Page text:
How smart, portable medical devices are changing lives

Miniaturisation and wireless connectivity have seen the bulkiest of devices shrink down to once unfathomable sizes, allowing complex and life-changing technology to become portable.

While we all enjoy our smartphones, mp3 players and other entertainment and communications devices, the portability of medical devices can be truly life-changing and, in many cases, life-saving.

Until recently, people with debilitating conditions have been confined to hospital, due to the sheer size, weight, power requirement and complex nature of many medical devices.

With the rise of portable medical devices and the proliferation of smart home technology, these people are increasingly able to live with their conditions at home and look after their own health as they travel.

The sign of a modern assistive health device, beyond portability, is the inclusion of e-health technology. We’re now able to monitor things in real time, view trends and share them with our doctors, and treat a variety of conditions remotely and efficiently.

Here are some examples…

Blood Pressure Monitors

Blood Pressure Monitors such as the Nokia BPM+, Omron EVOLV and the QardioArm Wireless BPM are highly-portable and come without the tubes or wires common to tabletop versions.

They instead attach to your upper arm and use smart technology to record and monitor your blood pressure.

The Nokia BPM+ is able to sync with your smartphone via Bluetooth to help you keep track of your measurements, while providing feedback and advice.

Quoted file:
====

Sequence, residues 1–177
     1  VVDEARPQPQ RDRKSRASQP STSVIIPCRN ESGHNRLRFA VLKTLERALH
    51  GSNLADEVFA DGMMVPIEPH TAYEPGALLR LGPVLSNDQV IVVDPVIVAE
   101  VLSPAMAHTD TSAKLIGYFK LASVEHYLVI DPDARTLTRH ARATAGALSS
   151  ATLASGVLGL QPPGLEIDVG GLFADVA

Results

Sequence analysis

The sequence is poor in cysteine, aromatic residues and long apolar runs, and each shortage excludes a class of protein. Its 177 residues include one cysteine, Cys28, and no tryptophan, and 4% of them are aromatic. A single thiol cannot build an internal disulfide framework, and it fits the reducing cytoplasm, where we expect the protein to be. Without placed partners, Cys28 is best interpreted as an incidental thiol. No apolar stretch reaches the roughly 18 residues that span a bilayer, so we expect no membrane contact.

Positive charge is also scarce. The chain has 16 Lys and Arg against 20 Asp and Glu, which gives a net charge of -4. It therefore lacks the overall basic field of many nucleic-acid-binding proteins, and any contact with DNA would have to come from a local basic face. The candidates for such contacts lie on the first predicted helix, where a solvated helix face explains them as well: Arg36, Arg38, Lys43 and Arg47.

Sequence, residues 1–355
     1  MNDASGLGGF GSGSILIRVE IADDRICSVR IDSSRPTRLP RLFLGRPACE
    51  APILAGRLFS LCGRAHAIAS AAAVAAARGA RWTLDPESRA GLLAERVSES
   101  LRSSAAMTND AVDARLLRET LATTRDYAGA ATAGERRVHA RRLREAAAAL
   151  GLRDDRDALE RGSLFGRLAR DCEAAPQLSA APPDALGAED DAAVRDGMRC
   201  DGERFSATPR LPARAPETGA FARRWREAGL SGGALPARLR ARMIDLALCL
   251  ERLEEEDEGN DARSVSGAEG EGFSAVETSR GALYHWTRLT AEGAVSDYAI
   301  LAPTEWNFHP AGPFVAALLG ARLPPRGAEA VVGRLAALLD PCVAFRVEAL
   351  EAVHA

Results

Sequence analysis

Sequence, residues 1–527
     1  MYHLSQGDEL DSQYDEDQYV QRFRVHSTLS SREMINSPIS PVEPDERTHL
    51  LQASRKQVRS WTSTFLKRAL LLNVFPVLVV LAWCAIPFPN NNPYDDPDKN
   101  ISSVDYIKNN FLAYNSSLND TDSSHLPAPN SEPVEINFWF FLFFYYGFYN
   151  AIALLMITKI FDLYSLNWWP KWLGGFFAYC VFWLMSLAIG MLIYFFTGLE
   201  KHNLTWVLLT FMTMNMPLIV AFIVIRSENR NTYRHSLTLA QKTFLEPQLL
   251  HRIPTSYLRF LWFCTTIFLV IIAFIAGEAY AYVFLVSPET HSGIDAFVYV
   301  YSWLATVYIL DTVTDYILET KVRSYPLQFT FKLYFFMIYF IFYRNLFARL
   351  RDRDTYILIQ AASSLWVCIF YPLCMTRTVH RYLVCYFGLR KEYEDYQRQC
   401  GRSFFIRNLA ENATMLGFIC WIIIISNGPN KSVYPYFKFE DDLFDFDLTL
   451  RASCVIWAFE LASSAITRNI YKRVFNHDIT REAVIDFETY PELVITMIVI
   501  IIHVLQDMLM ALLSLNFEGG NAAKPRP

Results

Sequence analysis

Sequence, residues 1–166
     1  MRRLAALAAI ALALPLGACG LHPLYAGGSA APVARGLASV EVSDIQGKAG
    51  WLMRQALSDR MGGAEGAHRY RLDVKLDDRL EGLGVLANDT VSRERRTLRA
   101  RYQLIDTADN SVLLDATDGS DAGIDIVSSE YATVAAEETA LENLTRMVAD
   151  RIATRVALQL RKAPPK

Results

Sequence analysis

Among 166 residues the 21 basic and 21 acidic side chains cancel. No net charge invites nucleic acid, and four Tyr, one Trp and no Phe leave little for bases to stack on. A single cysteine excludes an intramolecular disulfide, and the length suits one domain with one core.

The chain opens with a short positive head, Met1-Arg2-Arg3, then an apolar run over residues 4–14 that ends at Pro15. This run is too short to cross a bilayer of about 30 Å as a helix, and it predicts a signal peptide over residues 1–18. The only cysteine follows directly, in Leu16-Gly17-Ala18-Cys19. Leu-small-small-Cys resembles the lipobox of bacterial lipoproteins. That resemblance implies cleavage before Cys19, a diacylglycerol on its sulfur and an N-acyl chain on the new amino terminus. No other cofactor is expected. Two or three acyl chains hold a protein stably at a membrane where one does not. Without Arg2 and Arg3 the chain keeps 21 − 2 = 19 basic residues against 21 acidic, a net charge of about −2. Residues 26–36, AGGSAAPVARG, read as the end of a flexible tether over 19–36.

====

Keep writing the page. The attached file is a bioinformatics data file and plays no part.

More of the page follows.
QardioArm and EVOLV also detect instances of irregular heartbeats and warn you of such irregularities. Additionally, QardioArm allows you to monitor your blood pressure across multiple locations to help you understand how set, setting and activity can impact your heart’s health.

Portable EKG/ECG Monitors

Portable EKG/ECG monitors assess the activity of the heart and are commonly used during electrocardiogram tests. While old models would display data as graphical lines on paper, 21st century versions record and display data digitally, allowing you record and keep track of your movements quickly and easily. Most newer models even include LCD screens and sensors to let you view results in real time.

Devices such as AliveCor allow you to take your pulse via your fingers and monitor your heart rate anywhere, while an accompanying app lets you view an electrocardiogram on your smartphone.

The Omron HCG-801 allows you to track heart pain, palpitations, and shortness of breath, even when these conditions are fleeting. Even Apple is developing an advanced heart-monitoring feature for future versions of its smartwatch.

CPAP devices

Continuous positive airway pressure (CPAP) devices brought home to people what looks like hospital-worthy breathing equipment. But for sleep apnoea sufferers these devices are a godsend. They use airflow to regulate breathing and stop airways from closing during sleep.

Originally the home devices were tabletop versions, that are noisy, require the use of a long tube, rely on a plug connection and are far from ideal for travelling with. But this is changing. For example, Airmony is a portable, washable, quiet version that’s scalable for adults and children. It’s also the first to be tubeless.

It’s also a smart device that uses e-health tech. By recording data as you sleep, users can monitor their sleeping patterns and share the findings with their doctor to help develop better treatment plans.